Preservationist group likely to endorse new Circuit Court building plans

June 06, 1993|By John Rivera | John Rivera,Staff Writer

A preliminary design for a new Circuit Court building has been received warmly by an Annapolis historic preservationist group, which said the building fits in with the city's Colonial character.

"We are very close to being able to endorse the building," Ann lTC Fligsten, president of the Historic Annapolis Foundation, said Friday at a meeting unveiling the project's design.

Ms. Fligsten added that county officials, by including her group and other interested parties in the design process, have avoided much opposition that could have delayed or scuttled the project.

The design will be presented to the Historic District Commission, a volunteer panel that oversees construction in Annapolis and that must approve the project, at a 7:30 p.m. hearing Wednesday in the City Council chambers.

Architect Howard I. Melton's plan calls for a 250,000-square-foot building to be built in two phases over 3 1/2 years, with groundbreaking scheduled for August 1994.

Although not in a Colonial style, the building will have a brick facade with windows punched in, avoiding the glass fronts of many public office buildings. The cornices will be of stone.

Mr. Melton said his objective in designing the courthouse was not to make a rote copy of an historic building. "It's a 1990s building for 1990s people," he said. "Yet it needs to respect Annapolis, and we worked very hard to do that."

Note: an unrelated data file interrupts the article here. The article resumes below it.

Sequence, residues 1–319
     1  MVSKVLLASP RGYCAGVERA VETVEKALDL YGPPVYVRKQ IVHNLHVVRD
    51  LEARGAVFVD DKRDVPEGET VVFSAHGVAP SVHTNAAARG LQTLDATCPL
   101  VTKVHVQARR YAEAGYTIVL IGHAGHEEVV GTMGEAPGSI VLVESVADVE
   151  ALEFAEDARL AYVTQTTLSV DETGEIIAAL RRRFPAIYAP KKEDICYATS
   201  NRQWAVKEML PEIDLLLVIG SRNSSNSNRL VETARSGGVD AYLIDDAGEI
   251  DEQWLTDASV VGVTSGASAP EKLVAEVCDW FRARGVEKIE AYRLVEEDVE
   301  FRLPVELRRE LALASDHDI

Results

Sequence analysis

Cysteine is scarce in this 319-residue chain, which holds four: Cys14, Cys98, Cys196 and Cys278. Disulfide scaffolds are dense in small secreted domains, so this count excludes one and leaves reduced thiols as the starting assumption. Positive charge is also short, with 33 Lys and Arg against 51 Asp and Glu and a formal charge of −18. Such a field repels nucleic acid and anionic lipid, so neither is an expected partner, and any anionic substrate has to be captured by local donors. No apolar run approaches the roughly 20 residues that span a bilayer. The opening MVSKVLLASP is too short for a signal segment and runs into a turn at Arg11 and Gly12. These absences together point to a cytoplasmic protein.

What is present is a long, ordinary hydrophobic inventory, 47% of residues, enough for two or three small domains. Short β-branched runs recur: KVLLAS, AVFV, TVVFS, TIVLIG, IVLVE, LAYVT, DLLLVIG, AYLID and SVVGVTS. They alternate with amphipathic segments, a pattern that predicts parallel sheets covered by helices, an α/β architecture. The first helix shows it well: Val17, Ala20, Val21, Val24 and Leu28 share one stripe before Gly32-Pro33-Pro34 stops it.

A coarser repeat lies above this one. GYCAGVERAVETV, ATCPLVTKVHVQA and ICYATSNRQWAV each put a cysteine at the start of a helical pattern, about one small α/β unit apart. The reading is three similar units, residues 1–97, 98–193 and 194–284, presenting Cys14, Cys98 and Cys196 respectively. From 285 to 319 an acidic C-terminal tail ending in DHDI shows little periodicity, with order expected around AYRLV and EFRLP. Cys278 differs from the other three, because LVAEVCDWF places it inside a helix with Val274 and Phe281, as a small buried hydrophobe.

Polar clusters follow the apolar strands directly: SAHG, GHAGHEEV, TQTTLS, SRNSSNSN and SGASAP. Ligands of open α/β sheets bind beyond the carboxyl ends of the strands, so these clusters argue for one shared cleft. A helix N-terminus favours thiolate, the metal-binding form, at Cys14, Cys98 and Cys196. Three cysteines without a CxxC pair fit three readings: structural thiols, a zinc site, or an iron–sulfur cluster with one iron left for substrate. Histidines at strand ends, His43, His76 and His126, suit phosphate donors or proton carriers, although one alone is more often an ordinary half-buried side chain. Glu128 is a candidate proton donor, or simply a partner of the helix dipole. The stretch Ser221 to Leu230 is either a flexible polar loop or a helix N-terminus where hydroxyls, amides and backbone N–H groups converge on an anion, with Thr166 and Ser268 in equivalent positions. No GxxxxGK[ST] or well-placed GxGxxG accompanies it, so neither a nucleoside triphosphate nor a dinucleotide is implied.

Historic preservationists expressed concerns early in the design process about the height and mass of the building, which will take up most of the block. Mr. Melton said he dealt with that problem by setting the upper floors farther back, so that only two stories of the building are visible from street level.

The public entrance to the courthouse complex will be through ** the original historic building fronting Church Circle. The original, built in 1824, will be renovated and used as a ceremonial courtroom. People will move through a small octagon-shaped connector, to be constructed of stone, between the older building and the addition.

All courtrooms and support services will be moved to an annex, built next to the historic building in 1952, while the state's attorney's building is razed and a new courthouse building is constructed. The first phase will house 14 courtrooms, with the possibility of adding four more if they are later needed. This phase should be complete within 18 to 20 months, making the completion date spring 1996.

When phase one is complete, all courtroom functions will move there and the courthouse annex will be torn down. The second phase will include construction of office and support space and renovation of the historic building.

The new courthouse and renovations will cost $43 million. The County Council approved $6.5 million for planning and construction next year, with most of the rest slated for the fiscal year beginning July 1, 1994.

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